Sunday 25 July 2010

Wotter Lottery!

Fat bus bloke's latest trip on Saturday 24th July was (with Mrs fbb) to a chum's wedding in Bristol.   0923 from Portsmouth Harbour allowing a hour or so in Brizzle for lunch and a spot of window shopping.   Then a short bus ride to Cotham parish church - service 9, every 12 minutes.
On arrival at the Harbour there was an ominous lack of amber "doors open" lights on the First Great Western 3 car 158 unit.   There was an equally ominous gaggle of railway employees in the driver's cab area.  Then, with doors still locked and about three minutes before advertised departure, a man with screwdrivers walked past waiting passengers - off to where the station's announcements are electronically "created".   And, yes you've guessed, the train was cancelled.

Accidents do happen, and in this case the doors weren't working - and, for all sorts of reasons, non-working doors are bad news if you intend to carry passengers, at least, non-working power operated doors are very bad news!  [of course, not a problem with good old slam-door stock!].
But several questions need to be asked.

1.  Why was no advice given on alternative travel opportunities.   It was possible, though involving two changes, to catch up with the Brighton to Bristol train and mitigate some of the delay.  [Indeed, fat bus bloke considered this, but, with plenty of slack in the schedule, decided to wait with the other hapless passengers for an hour.]

2.  Why was no practical apology offered?   Pre-recorded words alone are meaningless, nay insulting, and a free cup of coffee would have been nice.

3.  Why did the next train (0952 arrival at the Harbour) keep its doors resolutely locked until 1020, jut 3 minutes before departure, with its staff disappearing (hiding?) in mysterious parts of the station?   Portsmouth Harbour station is OK, but an hour on perforated metal benches is not an ideal comfort facility for the elderly!
4. What was there totally ineffective air conditioning in Coach "C" on the 1023?   At least the guard was able to open the windows.

5. Why was there no water in the toilets of the 1023?   There are filler hoses on the platform and 30 minutes "layover" would seem more than adequate for Toilet Tank Topping-up Time.  I expect Stageocach charge too much, so First can't afford a tank of precious Stagecoach H2O.  [Stagecoach, disguised as South West Trains, are the "operators" of Portsmouth Harbour Station.]

6. Why was the refreshment trolley removed at Salisbury leaving 3/4 of the journey unrefreshable?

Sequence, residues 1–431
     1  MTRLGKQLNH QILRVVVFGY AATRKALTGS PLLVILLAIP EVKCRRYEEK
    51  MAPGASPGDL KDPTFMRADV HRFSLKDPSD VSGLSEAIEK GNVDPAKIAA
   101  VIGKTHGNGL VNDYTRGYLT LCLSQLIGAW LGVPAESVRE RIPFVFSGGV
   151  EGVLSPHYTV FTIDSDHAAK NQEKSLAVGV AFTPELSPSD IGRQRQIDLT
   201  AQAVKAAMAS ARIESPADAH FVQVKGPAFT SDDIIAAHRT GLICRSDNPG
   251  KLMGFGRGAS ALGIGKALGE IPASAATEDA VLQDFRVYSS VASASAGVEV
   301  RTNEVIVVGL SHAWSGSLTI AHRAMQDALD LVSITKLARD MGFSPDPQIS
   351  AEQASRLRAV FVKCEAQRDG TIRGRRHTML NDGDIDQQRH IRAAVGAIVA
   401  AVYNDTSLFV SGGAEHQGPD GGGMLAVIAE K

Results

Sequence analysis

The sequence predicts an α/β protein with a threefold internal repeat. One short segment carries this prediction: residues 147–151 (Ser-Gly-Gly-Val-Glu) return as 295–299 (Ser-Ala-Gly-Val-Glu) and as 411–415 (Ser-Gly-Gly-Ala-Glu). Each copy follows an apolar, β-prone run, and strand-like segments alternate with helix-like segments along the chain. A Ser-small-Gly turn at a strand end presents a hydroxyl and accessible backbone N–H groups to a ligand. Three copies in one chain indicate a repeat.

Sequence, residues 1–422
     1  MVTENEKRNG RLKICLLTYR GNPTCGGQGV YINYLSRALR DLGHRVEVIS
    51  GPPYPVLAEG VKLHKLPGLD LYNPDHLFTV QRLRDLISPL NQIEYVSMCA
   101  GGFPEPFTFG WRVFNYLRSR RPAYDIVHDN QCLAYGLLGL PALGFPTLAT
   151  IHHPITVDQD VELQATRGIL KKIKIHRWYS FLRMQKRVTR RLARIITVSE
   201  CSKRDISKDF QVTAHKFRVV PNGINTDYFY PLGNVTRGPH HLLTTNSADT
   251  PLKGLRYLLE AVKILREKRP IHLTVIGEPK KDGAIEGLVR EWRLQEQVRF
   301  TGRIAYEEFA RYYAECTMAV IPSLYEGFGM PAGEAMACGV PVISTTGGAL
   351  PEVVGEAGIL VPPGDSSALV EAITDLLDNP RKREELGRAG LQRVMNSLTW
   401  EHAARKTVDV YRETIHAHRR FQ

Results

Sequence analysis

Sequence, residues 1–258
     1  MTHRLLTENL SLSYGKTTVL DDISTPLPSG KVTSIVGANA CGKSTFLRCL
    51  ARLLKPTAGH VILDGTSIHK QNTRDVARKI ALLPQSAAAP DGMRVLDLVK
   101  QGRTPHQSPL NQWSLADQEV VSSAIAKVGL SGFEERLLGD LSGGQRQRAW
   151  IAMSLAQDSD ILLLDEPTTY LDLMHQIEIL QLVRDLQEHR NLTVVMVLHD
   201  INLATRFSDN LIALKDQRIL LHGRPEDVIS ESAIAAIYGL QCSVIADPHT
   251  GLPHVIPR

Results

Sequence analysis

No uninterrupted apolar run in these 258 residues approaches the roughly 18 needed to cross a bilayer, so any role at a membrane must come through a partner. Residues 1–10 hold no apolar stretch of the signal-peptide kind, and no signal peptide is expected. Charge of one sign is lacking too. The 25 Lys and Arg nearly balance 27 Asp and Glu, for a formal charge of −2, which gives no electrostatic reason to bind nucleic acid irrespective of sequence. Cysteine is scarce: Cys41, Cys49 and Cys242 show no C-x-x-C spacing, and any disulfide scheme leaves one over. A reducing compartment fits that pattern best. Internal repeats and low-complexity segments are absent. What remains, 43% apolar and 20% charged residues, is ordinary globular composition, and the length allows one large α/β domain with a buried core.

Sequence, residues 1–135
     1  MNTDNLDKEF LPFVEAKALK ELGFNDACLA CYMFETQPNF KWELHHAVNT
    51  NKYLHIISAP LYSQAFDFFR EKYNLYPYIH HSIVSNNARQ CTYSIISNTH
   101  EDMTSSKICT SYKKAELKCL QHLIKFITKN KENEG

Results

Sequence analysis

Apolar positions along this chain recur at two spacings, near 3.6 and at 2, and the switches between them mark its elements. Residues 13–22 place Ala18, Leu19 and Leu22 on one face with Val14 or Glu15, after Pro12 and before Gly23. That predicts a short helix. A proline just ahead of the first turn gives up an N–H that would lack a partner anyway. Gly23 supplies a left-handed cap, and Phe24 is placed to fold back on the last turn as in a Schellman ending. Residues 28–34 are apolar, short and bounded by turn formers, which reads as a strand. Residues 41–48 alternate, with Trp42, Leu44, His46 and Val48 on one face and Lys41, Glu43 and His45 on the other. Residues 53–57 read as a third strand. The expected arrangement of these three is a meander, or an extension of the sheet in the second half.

7. With Portsmouth being a long way from First Great Western back-up, why wasn't there a reserve train available.   There were plenty of suitable units lying idle at Salisbury, but, of course, they belong to Stagecoach, not First.  Thee boos for privatisation!

8. And, while in g.o.m.* mode - why were the ladies toilets on the station so utterly disgusting? [locks missing, dilapidated and smelly - as advised by Mrs fbb!]

To put it simply, management of the problems was inadequate.   No, more simply, THERE WAS NO MANAGEMENT.

The return trip?

Journey; uneventful

Refreshments; unavailable

Tickets; unchecked at any point on the journey....

What a lottery - and we lost!   One minor consolation - we bought cheap fares!

*g.o.m. = Grumpy Old Man

Thursday 22 July 2010

Don't you just love it ...

When a plan comes together.

Hannibal Smith in "the A team"!

Getting from the Isle of Wight to Watford (Herts, not Gap) is easy logisitcally but a challenge financially.  A while ago a leaflet was produced by the Mayor of London explaining the intricacies of "Oyster" fares to Watford. It was as understandable as one of Gordon Brown's speeches on the economy but rewritten in Sanskrit. The problem is simply that Watford Junction station is not in the London Travelcard area - so the solution is .....  [don't bother to ask.]

So the journey TO Watford was tedious, involving Travelcard on the Bakerslow Line to Harrow & Wealdstone and rebooking there to Watford Junction. But the return was cool, amazing, groovy (or any other outdated word of approbation).
1616 from Watford Junction to Euston, stopping at Harrow & Wealdstone (thus picking up Travel Card validity) with an arrival in Euston at 1636 - pretty nippy.

Now Mrs fbb and myself are not in what you might call "the bloom of youth" and the days of running for trains have long gone, replaced by a slightly faster amble and much perspiration. Festina lente (as they say - no, "said" - in Rome).   Our schedule allowed plenty of time for crossing London to catch the 1730 from Waterloo. 
But a Northern Line train was waiting for us on the platform at Euston and thus we found ourselves on the Waterloo concourse at 1657.
Despite nearly getting on the wrong train (to Portsmouth Harbour via Basingstoke, leaving from the adjacent platform in a cunning plan to confuse us) we joined the 1700 just in time for a lively "ting ting" and away.  [for the purists: modern trains don't "ting ting", they electronically "beep beep" - but "ting ting" sounds more poetic!]

Ferry connections were leisurely but slick and so we were back home drinking a much needed flagon of tea at 1920 almost exactly 3 hours after leaving Watford.